First Among Equals: The Supreme Court in American Life, by Kenneth W. Starr. Warner Books. 320 pages. $26.95.
Ken Starr has a written a new book, which for him is a high-risk activity, since his last book arguably cost him a seat on the Supreme Court.
Consider: Until 1994, Starr was a consensus favorite for eventual appointment to the court. After Duke Law School, he clerked on the contentious Fifth Circuit, then won a coveted Supreme Court clerkship. In 1981, Starr became counselor to the U.S. attorney general, and in 1983, at the venerable age of 37, he was appointed to be a judge on the prestigious U.S. Court of Appeals. Six years later, Starr was named by President Bush to be solicitor general, the nation's top appellate lawyer. And in between, Starr built a stellar reputation in private practice, a genteel lawyer's lawyer with a hit man's instinct for the legal jugular.
But then came Whitewater, Starr's service as independent counsel, and the incendiary Starr Report. Today, after the partisan furies unleashed during that surreal season, it would take a political sea change for Starr to have a shot at the high court.
Still, seas sometimes change. And even if they don't, Starr's new book, First Among Equals, demonstrates that he still has the extraordinary legal insight and creativity -- plus a healthy dose of ambition -- that produced all those career successes in the first place.
First Among Equals is not about Whitewater. Rather, it is part-history, part-memoir, and a thoughtful overview of major, often controversial, Court decisions during the last three decades. Starr's stated goal is "... to describe the legal tools the justices have used ... to explain the big ideas that have moved the justices ... and to show the difference that the vote of a single justice has frequently made."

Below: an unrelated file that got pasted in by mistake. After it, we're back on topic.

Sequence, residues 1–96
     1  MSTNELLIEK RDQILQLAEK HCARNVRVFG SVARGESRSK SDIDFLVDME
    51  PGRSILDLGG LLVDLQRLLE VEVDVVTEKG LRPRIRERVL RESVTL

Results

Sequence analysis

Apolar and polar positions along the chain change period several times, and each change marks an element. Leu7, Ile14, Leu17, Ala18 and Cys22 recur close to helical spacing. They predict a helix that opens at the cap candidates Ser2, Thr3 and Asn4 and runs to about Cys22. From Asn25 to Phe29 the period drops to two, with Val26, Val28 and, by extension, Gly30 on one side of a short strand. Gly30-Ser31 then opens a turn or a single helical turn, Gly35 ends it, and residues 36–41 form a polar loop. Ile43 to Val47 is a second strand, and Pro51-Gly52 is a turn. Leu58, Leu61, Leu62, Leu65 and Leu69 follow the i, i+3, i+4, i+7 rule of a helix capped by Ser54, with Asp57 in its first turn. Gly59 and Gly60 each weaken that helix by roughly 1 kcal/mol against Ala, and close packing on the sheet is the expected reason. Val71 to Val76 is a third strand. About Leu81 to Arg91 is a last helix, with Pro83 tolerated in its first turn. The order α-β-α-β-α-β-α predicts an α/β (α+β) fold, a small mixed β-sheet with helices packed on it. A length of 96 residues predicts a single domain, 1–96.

In this, using his insider's insight, Starr largely succeeds. After sketching brief bios of each justice, Starr surveys a number of "rights" cases (First Amendment, affirmative action, and abortion, Miranda), and then explores basic federalism principles. He concludes with a provocative analysis of Bush v. Gore (spotlighting a response by Gore attorney David Boies that Starr calls "especially unhelpful to the Gore cause"). Throughout, Starr is particularly adept at tracking the shifting combinations of justices, which produce majorities, often to the intense consternation of the presidents who appointed them.
Perhaps the biggest of the "big ideas" explored by Starr is the one implicit in his title. High school civics to the contrary, the three branches of government are not co-equal. The high court has been overruling Congress since Marbury v. Madison in 1803, and Starr traces a recent series of 5-4 decisions dramatically cutting the power of Congress to legislate under Commerce Clause jurisdiction. And despite the perceived power of presidents, Starr describes how the court has recently rebuffed three sitting presidents, making a persuasive case that the court is in fact first among equals.
Although intended for general readers, Starr's encyclopedic knowledge of his subject is occasionally intimidating, and his attempts at informality (e.g., "a blast from the Warren Court past ..." sometimes seem jarring. But these are quibbles. First Among Equals may not outsell the Starr Report, but it is informative, insightful and a valuable addition to Supreme Court literature.
David W. Marston is author of Malice Aforethought, an analysis of abuses in law practice, and co-author of Inside Hoover's FBI, with Neil J. Welch. U.S. attorney for the Eastern District of Pennsylvania from 1976 to 1978, Marston is now a lawyer in civil practice in Philadelphia.